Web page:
By Larry Fine
EAST RUTHERFORD, New Jersey (Reuters) - New York Giants coach Tom Coughlin and his players were doubly disappointed on Sunday, losing to the Pittsburgh Steelers and letting down fans that needed a lift following superstorm Sandy.
"We wanted emotionally so badly to win the game for obvious reasons, for all our neighbors who are struggling and who need some type of inspiration," Coughlin said after the team blew a 10-point lead in a 24-20 loss by allowing two fourth-quarter touchdowns.
"Of course, we didn't provide it for them. This is not the kind of game we had planned to play."
A crowd of nearly 80,000 came to MetLife Stadium in New Jersey across the Hudson River from Manhattan, an area where nearly a million people are still without electricity nearly a week after the storm hit.
Before the game, first-responders to the areas worst hit by the storm were honored on the field.
"What we were trying to do was to give them a few hours of enjoyment in a very, very difficult time," added Coughlin.
Giants defensive end Justin Tuck shared in the frustration.
"A lot of people wanted us to win," said Tuck. "We had a lot riding on this game.
"Everyone knows about this last week in this area and a lot of us have been affected ourselves and wanted to come out put some smiles on people's faces. That's frustrating to us."
Speedy wide receiver Victor Cruz, a fan favorite, was downcast after the defeat.
"It's a little disappointing definitely for the fans who live and die with us, and looked at our game as a way of relief and as a way of hope to moving forward from Hurricane Sandy," said Cruz. "It's just unfortunate we couldn't get it done for them."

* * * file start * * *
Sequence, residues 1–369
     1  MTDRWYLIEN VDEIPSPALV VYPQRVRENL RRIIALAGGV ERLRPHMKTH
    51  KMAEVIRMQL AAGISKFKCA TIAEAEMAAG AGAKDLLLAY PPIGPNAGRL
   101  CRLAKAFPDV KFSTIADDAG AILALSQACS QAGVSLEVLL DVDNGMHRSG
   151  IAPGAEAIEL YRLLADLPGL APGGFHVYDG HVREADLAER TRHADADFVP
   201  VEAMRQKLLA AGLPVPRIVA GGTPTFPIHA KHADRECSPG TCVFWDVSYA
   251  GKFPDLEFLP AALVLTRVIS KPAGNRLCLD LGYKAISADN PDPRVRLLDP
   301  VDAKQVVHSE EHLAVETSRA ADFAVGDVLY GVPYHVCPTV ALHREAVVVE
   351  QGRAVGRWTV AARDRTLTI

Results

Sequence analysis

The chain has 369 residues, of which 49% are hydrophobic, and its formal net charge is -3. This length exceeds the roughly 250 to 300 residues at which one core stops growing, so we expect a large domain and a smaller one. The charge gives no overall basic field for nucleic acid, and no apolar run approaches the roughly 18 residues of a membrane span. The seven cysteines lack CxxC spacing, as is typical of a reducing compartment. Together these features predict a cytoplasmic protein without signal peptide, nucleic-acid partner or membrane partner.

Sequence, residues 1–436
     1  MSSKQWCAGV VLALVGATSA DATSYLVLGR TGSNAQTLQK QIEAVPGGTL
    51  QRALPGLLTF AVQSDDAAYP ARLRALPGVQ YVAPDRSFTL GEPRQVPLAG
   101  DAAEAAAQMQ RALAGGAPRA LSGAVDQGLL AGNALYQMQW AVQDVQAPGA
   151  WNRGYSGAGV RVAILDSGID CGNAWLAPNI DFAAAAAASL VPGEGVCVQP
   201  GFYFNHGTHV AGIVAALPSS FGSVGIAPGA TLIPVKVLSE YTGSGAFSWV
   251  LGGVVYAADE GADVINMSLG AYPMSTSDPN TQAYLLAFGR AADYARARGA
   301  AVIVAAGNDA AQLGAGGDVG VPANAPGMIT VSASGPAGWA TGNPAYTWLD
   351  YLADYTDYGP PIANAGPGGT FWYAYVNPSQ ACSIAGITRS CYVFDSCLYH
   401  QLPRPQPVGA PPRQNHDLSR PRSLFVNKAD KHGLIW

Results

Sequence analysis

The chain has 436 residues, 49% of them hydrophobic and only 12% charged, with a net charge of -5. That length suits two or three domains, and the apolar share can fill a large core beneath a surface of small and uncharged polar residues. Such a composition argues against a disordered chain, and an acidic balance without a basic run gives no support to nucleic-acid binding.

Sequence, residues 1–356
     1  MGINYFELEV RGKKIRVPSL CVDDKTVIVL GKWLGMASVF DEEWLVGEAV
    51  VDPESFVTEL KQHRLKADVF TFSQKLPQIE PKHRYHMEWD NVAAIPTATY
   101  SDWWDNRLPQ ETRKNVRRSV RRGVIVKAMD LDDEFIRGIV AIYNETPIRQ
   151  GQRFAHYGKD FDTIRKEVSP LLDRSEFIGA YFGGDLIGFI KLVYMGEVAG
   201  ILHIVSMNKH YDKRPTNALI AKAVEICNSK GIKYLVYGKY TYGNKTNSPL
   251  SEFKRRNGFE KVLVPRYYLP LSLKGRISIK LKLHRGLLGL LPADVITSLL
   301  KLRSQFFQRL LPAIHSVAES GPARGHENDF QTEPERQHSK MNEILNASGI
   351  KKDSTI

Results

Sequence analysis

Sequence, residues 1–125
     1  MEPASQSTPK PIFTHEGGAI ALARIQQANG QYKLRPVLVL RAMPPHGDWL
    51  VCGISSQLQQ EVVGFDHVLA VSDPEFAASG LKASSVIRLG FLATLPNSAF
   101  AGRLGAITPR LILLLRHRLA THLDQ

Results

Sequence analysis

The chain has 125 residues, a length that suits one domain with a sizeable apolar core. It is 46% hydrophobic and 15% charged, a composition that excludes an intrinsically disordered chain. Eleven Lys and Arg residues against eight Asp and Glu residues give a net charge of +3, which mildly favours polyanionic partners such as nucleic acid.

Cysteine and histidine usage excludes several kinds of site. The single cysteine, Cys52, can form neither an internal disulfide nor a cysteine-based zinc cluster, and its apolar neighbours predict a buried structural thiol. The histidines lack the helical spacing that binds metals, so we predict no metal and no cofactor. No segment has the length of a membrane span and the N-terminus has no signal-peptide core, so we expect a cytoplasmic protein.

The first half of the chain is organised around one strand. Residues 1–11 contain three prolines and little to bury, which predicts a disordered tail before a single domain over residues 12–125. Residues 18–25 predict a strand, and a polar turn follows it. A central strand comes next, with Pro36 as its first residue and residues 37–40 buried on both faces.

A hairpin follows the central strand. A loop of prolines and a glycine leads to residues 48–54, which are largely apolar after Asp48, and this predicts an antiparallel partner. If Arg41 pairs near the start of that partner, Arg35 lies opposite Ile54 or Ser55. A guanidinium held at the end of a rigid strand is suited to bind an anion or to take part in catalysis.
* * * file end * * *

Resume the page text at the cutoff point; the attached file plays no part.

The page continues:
Giants quarterback Eli Manning, who was displaced from his own home this week due to the storm's damage, said the team was not distracted by having to deal with Sandy's aftermath.
"I kept my regular schedule, watched my film and come to the practice and try to stay in a normal routine. I thought the guys did a good job not complaining about things, not making excuses. We were prepared to play tonight. We just didn't play our best."
Even the Steelers felt the impact.
The team departed from their routine and flew in for the game on Sunday morning instead of Saturday so their hotel rooms could be used by local victims of the storm.
"What's happened here in this region this past week, of course, is life and reality," said Pittsburgh coach Mike Tomlin.
"You know it was a little bit of an adjustment I'm sure for both teams. I'm sure it was more of an adjustment for the Giants."
(Editing by Julian Linden)